Note: All my posts on the ’60s are gathered under “The ’60s,” above. Being a blog, these posts would normally be in reverse order, with the newest post on top. However, for this particular category, they are arranged with the oldest posts at the top in order to clarify the sequential nature of the posts. The newest posts will be at the bottom.

Shingled Cabin in France

Shingled Cabin in France

I am Bastien Forestier. I live in Boussy Saint Antoine near Paris. One year ago, in the winter, I was driving across Normandy to go surfing. On my way I stumbled upon la Chappelle D’Allouville, a mystical wooden treehouse made by a monk in 1609. So I decided to build a shelter using this technique.

I began doing wood shingles and beams. First with axes, then I bought a shaking axe.

I used the trees around me. I know them all since my childhood. Now after a year i have a roof and walls. I am very sure to make more houses like this in the future, inspired by Tingely’s cyclops maybe.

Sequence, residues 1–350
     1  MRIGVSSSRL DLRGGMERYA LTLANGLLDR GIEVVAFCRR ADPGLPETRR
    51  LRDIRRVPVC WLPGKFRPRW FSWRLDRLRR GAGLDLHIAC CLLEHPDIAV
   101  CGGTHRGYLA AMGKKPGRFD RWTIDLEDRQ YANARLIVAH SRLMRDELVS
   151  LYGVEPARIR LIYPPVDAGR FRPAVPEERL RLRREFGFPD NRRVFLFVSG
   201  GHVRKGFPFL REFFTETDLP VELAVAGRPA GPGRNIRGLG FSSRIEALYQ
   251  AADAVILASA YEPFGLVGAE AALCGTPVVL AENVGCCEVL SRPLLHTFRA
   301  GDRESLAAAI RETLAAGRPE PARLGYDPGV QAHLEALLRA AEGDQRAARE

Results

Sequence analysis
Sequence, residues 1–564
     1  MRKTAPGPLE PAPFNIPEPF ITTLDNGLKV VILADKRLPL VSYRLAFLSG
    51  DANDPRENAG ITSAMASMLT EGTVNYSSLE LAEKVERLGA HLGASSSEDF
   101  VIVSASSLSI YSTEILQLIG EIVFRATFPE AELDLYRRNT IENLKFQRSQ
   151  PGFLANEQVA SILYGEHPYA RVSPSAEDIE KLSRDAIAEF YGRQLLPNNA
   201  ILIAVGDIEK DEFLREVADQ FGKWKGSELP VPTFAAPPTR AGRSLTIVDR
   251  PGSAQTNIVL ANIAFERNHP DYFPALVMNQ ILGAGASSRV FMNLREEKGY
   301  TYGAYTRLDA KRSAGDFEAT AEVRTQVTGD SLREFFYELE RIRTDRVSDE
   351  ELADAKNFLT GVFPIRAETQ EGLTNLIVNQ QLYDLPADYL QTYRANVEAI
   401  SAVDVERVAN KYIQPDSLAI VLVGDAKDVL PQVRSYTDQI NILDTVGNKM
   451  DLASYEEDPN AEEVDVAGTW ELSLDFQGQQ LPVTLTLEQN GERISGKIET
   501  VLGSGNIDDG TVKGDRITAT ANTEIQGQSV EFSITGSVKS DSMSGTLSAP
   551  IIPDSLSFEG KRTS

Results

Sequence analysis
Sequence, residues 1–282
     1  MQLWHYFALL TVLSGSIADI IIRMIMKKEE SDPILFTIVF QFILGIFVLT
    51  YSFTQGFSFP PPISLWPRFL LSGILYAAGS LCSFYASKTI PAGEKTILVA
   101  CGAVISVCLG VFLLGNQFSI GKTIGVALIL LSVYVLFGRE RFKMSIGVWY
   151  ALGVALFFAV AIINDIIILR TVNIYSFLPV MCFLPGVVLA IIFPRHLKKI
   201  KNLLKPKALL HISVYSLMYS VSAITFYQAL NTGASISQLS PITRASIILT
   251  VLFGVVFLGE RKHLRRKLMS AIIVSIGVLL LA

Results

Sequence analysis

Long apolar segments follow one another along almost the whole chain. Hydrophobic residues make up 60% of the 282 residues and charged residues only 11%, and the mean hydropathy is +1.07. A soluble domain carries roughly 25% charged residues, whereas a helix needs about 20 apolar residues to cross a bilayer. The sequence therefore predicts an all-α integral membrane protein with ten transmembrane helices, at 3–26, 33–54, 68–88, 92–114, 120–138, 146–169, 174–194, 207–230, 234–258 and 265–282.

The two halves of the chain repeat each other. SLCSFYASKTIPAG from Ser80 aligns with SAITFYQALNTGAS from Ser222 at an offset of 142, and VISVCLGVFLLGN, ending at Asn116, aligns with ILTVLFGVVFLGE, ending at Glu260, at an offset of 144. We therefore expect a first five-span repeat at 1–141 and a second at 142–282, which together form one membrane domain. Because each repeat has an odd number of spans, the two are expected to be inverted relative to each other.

I like that the people in the neighborhood call it La Chapelle (the chapel).

Note: These are actually shakes, rather than shingles.  –LK

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Louie Frazier and the Connection Between Our Books Shelter and Home Work

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Louie Frazier and the Connection Between our Books Shelter and Home Work

I was photographing Jack Williams’ house in Point Arena, Calif. in 2000, and he said, “There’s someone up here who wants to meet you.”

We drove about 5 miles out of town, down into a riverfront valley, and I saw this beautiful little building. The two doors were open, and this guy, who I’d never seen before came out with an old tattered copy of Shelter, and he told me to crouch down in the doorway and look at the building’s framing. See this? He said? I built it from this painting (of a Mandan earth lodge) in Shelter.

Wow I thought, If Shelter inspired something like this, it’s time to do a sequel.

So Home Work, published in 2004 was born, and it featured lots of buildings inspired by Shelter.

BTW, the other day Louie said that back in the day, the saying was: “Turn on, tune in, drop out, and read Shelter.”